Slide Presentations: Wednesday, October 26, 2011 |

Nationwide Outcomes of Morbidly Obese Patients Undergoing Mechanical Ventilation FREE TO VIEW

Gagan Kumar, MD; Gaurav Dagar, MD; Amit Taneja, MD; Jayshil Patel, MD; Nilay Kumar, MD; Rahul Nanchal, MD
Chest. 2011;140(4_MeetingAbstracts):1029A. doi:10.1378/chest.1119733
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PURPOSE: Obesity has been proposed as a risk factor for poor outcomes in critically patients; however, its role remains unclear. Some studies have demonstrated a paradoxical protective effect on short term survival.

METHODS: Using the Nationwide Inpatient Sample from 2008, all patients with morbid obesity were identified using ICD-9-CM codes 278.01.Invasive mechanical ventilation (MV) was identified using ICD-9 procedure code 96.7. Outcome variables included all cause in-hospital-mortality and length of stay (LOS). The results were compared to non obese patients. Chi-square test and Wilcoxan sign-rank test was used to compare mortality and LOS respectively. Multivariate logistic regression was performed to adjust for confounding variables and determine odds ratios for mortality. The model adjusted for demographics, primary payer, hospital characteristics and Charlson's co-morbidity index. We also performed a subgroup analysis in those requiring prolonged MV (MV > 96hours).

RESULTS: Of 940,538 estimated hospital admissions requiring invasive MV during the year 2008 in the United States, the morbidly obese patients accounted for about 3.6%. The unadjusted all cause in hospital mortality in invasive mechanically ventilated morbidly obese patients was 19.5%, compared to 32.4% in non obese patients (p<0.001). The adjusted odds of mortality were 0.5 times lower (95% Confidence interval (CI): 0.47-0.54) in obese patients when compared to non obese. Proportion of morbidly obese patients requiring prolonged MV was not significantly different from non obese patients (41.3% vs. 40.4%; age and comorbidity adjusted OR 1.02 (0.97-1.07)). In patients requiring prolonged MV, unadjusted mortality was 20.3% in morbidly obese and 31.6% in non obese (OR 0.57; 95% CI 0.52-0.62). The LOS was 1 day shorter in morbidly obese patients (p<0.001).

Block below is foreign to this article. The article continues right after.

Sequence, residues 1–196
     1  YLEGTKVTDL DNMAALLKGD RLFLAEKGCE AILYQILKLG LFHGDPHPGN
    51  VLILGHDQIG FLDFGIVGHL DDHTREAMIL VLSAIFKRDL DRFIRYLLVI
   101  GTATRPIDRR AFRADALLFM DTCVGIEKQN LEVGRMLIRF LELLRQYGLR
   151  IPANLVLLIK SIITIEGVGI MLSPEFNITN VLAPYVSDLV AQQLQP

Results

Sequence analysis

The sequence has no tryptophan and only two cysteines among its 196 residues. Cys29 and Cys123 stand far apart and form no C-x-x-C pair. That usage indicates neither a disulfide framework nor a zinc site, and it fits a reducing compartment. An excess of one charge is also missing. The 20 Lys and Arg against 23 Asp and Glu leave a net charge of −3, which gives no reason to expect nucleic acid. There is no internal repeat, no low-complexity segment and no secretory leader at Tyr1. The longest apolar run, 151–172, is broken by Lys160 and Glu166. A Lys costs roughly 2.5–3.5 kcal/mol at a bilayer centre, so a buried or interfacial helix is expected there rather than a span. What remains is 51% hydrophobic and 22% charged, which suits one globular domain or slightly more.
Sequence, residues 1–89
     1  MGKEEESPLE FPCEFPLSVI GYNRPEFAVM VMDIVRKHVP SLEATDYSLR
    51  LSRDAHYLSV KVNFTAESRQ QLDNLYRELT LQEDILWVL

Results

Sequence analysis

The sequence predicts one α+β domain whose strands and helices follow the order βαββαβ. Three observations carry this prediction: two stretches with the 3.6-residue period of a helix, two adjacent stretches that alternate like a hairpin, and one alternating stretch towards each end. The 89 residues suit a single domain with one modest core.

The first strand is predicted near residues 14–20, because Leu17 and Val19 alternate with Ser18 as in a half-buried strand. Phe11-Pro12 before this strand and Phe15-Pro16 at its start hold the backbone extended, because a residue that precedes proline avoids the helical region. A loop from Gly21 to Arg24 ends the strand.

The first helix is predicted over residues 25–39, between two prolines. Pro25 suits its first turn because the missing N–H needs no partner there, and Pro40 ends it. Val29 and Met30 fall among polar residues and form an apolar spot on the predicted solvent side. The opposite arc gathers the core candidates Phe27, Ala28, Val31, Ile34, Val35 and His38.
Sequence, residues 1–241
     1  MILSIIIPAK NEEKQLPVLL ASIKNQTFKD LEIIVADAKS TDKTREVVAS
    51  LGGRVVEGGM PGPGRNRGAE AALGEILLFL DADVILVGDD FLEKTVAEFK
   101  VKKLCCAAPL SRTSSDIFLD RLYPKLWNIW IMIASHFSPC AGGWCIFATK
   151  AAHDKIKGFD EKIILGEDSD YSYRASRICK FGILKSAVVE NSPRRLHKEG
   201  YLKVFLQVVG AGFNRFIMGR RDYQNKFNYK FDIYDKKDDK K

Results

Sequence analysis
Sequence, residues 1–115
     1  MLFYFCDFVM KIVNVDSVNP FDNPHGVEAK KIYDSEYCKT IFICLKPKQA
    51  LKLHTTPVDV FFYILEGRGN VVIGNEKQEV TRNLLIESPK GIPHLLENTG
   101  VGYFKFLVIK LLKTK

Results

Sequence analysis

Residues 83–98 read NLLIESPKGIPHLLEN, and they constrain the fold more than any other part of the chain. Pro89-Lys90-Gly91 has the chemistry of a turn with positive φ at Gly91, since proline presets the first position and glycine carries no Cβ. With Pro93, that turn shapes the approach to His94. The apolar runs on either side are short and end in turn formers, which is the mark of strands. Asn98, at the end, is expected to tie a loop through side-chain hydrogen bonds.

CONCLUSIONS: Morbidly obese patients undergoing MV have significantly lower mortality than non obese patients. Proportion of morbidly obese patients requiring prolonged MV is no different from the non obese population.

CLINICAL IMPLICATIONS: Outcomes of mechanical ventilation in morbidly obese patient are not dismal and are possibly better than non obese patients.

DISCLOSURE: The following authors have nothing to disclose: Gagan Kumar, Gaurav Dagar, Amit Taneja, Jayshil Patel, Nilay Kumar, Rahul Nanchal

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